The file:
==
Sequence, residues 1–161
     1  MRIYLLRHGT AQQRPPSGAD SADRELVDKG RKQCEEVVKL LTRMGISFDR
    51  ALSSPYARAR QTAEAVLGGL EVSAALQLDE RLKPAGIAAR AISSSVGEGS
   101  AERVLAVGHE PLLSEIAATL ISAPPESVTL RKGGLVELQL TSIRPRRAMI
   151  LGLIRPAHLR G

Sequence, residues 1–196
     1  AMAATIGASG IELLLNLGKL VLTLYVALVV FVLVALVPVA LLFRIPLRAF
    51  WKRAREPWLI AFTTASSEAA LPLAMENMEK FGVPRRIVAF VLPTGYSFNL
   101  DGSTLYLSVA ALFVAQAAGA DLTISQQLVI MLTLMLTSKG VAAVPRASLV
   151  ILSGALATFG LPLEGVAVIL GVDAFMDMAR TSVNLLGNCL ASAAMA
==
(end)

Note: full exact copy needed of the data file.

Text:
Sequence, residues 1–161
     1  MRIYLLRHGT AQQRPPSGAD SADRELVDKG RKQCEEVVKL LTRMGISFDR
    51  ALSSPYARAR QTAEAVLGGL EVSAALQLDE RLKPAGIAAR AISSSVGEGS
   101  AERVLAVGHE PLLSEIAATL ISAPPESVTL RKGGLVELQL TSIRPRRAMI
   151  LGLIRPAHLR G

Sequence, residues 1–196
     1  AMAATIGASG IELLLNLGKL VLTLYVALVV FVLVALVPVA LLFRIPLRAF
    51  WKRAREPWLI AFTTASSEAA LPLAMENMEK FGVPRRIVAF VLPTGYSFNL
   101  DGSTLYLSVA ALFVAQAAGA DLTISQQLVI MLTLMLTSKG VAAVPRASLV
   151  ILSGALATFG LPLEGVAVIL GVDAFMDMAR TSVNLLGNCL ASAAMA